The first song I ever heard that I just knew was about me was, weirdly enough, from the Treasure Planet soundtrack.
I am a question to the world
Not an answer to be heard
Or a moment that’s held in your arms
And what do you think you’d ever say?
I won’t listen anyway
You don’t know me
And I’ll never be what you want me to be
SUCH DISNEYFIED ANGST. It didn’t matter that I first heard Johnny Rzeniks’s “I’m Still Here” on the Treasure Planet episode of the super sunshine-y Disney Channel show Movie Surfers; it was the first song that spoke to my real, dark, honest truth, though I sure couldn’t have told you why. I’m not positive I can explain it now, but I’m going to give it a shot. Sometimes I vainly like to see my life as a far dorkier adaptation of Almost Famous, and “I’m Still Here” was the record under my bed that set me free.
And what do you think you’d understand?
I’m a boy, no, I’m a man
You can’t take me and throw me away
And how can you learn what’s never shown?
Yeah, you stand here on your own
They don’t know me
‘Cause I’m not here
What’s most fascinating to me about the memory of my deep “I’m Still Here” passion is realizing how much I’ve apparently always been obsessed with identity coupled with the fear that I’m not actually real or present to the people I love. I was 12 when Treasure Planet came out. Nothing was wrong with me on paper. I was a comfy, well-taken-care-of little tween with parents who bought me plenty of Star Wars books and Beanie Babies, and best friends who pretended to be knights and Harry Potter characters with me on the weekends.
Apparently, mood disorders commonly first present themselves in pubescence. As I’ve said before, I feel a lot like “The Girl Who Cried Bipolar Disorder.” When my childhood comes up during therapy sessions, I can see my counselor putting pieces together of my depression jigsaw puzzle. I feel like I’m lying about the extent of my youthful despair, and therefore hurting the people that always loved me and took care of me at that age. If I started being depressed that early, was I just an ungrateful brat who failed them and their love? Sometimes I would rather not be here at all than feel like a lifelong disappointment to my family and friends.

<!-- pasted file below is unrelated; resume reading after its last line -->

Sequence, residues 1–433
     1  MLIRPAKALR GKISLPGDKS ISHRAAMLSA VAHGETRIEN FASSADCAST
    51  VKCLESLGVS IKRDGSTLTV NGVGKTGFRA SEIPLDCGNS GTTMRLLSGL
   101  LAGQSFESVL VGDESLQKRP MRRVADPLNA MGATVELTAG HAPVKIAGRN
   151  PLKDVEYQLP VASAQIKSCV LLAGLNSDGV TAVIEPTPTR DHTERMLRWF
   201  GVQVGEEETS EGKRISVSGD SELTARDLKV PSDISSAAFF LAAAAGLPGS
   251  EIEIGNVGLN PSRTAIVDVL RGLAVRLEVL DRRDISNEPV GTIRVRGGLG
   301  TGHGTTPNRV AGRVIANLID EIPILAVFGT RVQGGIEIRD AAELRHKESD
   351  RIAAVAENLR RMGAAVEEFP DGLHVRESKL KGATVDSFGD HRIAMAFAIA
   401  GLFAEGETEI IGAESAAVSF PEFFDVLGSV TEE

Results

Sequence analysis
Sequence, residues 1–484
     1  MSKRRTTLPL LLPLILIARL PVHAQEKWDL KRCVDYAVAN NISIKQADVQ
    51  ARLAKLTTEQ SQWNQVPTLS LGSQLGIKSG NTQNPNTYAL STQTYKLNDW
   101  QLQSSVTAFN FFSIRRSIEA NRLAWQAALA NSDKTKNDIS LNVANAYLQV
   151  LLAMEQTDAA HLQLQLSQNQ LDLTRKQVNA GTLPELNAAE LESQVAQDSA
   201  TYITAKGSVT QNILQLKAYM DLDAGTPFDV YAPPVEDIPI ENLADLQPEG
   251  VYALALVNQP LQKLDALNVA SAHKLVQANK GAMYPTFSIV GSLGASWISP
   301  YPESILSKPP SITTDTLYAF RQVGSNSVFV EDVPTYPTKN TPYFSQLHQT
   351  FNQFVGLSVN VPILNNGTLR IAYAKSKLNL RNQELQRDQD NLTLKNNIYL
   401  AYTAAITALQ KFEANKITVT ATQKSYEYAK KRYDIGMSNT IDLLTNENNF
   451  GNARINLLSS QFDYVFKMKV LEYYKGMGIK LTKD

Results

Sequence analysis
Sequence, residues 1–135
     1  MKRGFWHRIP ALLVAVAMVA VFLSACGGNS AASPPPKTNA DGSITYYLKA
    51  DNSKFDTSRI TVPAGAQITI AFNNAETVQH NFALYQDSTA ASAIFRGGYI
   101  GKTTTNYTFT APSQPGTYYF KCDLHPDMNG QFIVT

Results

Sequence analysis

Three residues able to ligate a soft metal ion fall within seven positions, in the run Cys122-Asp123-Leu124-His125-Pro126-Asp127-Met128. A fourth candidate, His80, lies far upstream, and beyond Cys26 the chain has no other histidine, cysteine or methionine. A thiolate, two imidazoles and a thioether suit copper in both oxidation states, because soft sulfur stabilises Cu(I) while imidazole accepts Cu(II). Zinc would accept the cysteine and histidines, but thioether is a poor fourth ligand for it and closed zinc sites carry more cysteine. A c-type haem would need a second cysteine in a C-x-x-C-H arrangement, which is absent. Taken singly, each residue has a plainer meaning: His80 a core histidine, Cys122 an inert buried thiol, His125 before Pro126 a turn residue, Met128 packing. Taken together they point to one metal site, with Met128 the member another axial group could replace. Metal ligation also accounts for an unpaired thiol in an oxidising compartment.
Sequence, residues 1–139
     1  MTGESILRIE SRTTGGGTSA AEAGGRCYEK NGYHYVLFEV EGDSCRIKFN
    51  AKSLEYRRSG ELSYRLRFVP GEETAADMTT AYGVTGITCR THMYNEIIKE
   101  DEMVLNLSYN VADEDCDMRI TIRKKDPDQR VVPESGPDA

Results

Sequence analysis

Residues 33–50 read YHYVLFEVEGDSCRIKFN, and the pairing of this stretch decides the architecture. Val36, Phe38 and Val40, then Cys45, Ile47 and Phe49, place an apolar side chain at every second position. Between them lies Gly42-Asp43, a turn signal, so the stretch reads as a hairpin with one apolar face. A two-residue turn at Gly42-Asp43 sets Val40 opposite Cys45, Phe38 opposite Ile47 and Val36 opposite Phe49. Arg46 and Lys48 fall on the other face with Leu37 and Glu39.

And I want a moment to be real
Wanna touch things I don’t feel
Wanna hold on and feel I belong
And how can the world want me to change?
They’re the ones that stay the same
They don’t know me , ’cause I’m not here
I’ve very rarely felt truly “here.” From as far back as I can remember, I have been the safest in the fantastical worlds of books and movies. The character archetype to which I’ve always most connected is the Dreamer. The Wanderer. The Craver of Something New. The One with the Not So Secret Need to be Special. I saw myself in starry-eyed, young wonderers turned heroes, like Jim Hawkins.
I know, I know. It’s the biggest cliche: Me, alone in my bedroom, surrounded by my stuffed dolphins and Tim Burton movie posters, cranking the Treasure Planet soundtrack, sighing, “No one understands me. Nobody even knows who I am. I won’t be what society wants me to be, man.” The Treasure Planet soundtrack was my Dylan.
They can’t tell me who to be
‘Cause I’m not what they see
Yeah, the world is still sleeping while I keep on dreaming for me
And their words are just whispers and lies that I’ll never believe
I can’t speak for those who love me and know me best, but I imagine that they see a me who is probably really cool. They see someone that makes them laugh, who excitedly organizes opening night movie excursions, who gets tipsy at parties and talk way too much about the difference between seals and sea lions, and so on. Logically, I know that none of these people would lie to me.
“But,” whispers Cruel Voice. “I mean, what if they are?”
What if the more content, happier me that might get crafted by the therapy and mood stabilizers is the lie? What if I’m meant to stay a yearning Dreamer, albeit a sad one? If I suddenly like myself, will I stop wandering or wondering? My friends don’t want me to change, but they want me to be happy, and what if that’s the same thing?
The diagnosis makes me want to isolate myself. I want to set sail on my own for some solo adventures in self-exploration and figuring out the right dosages and crying a lot when something goes wrong, and I don’t want anyone to have to see. I want to stand among the stars for days at a time until I learn the truth about who I’m supposed to be. I want to keep away from everyone I love until I can burst into their lives again, triumphant and laden with treasures unfathomable.
If I were really brave, if I were really strong, I think, I would take that leap. I would jump off the dock and swim towards the horizon, confident that people don’t just forget forever a person they love. I would. I really would. I want to, even.
But I’m still here.